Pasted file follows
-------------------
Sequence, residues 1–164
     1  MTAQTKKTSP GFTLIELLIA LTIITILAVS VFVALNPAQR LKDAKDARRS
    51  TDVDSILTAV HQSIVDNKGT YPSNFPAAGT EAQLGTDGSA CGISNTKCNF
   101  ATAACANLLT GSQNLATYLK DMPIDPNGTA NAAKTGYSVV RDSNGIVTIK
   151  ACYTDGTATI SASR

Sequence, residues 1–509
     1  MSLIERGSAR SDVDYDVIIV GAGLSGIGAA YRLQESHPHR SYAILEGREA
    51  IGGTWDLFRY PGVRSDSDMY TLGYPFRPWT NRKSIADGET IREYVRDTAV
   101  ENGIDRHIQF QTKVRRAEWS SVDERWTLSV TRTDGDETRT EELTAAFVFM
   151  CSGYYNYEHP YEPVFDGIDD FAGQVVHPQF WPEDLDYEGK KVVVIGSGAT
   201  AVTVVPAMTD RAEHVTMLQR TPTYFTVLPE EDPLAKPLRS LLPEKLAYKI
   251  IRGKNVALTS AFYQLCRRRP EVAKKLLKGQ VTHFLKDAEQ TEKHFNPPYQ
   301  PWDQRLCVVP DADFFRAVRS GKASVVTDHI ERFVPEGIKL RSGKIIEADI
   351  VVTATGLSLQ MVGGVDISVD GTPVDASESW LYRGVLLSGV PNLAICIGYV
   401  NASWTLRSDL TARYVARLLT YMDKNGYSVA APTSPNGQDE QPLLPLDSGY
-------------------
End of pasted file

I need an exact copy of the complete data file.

Sequence, residues 1–164
     1  MTAQTKKTSP GFTLIELLIA LTIITILAVS VFVALNPAQR LKDAKDARRS
    51  TDVDSILTAV HQSIVDNKGT YPSNFPAAGT EAQLGTDGSA CGISNTKCNF
   101  ATAACANLLT GSQNLATYLK DMPIDPNGTA NAAKTGYSVV RDSNGIVTIK
   151  ACYTDGTATI SASR

Sequence, residues 1–509
     1  MSLIERGSAR SDVDYDVIIV GAGLSGIGAA YRLQESHPHR SYAILEGREA
    51  IGGTWDLFRY PGVRSDSDMY TLGYPFRPWT NRKSIADGET IREYVRDTAV
   101  ENGIDRHIQF QTKVRRAEWS SVDERWTLSV TRTDGDETRT EELTAAFVFM
   151  CSGYYNYEHP YEPVFDGIDD FAGQVVHPQF WPEDLDYEGK KVVVIGSGAT
   201  AVTVVPAMTD RAEHVTMLQR TPTYFTVLPE EDPLAKPLRS LLPEKLAYKI
   251  IRGKNVALTS AFYQLCRRRP EVAKKLLKGQ VTHFLKDAEQ TEKHFNPPYQ
   301  PWDQRLCVVP DADFFRAVRS GKASVVTDHI ERFVPEGIKL RSGKIIEADI
   351  VVTATGLSLQ MVGGVDISVD GTPVDASESW LYRGVLLSGV PNLAICIGYV
   401  NASWTLRSDL TARYVARLLT YMDKNGYSVA APTSPNGQDE QPLLPLDSGY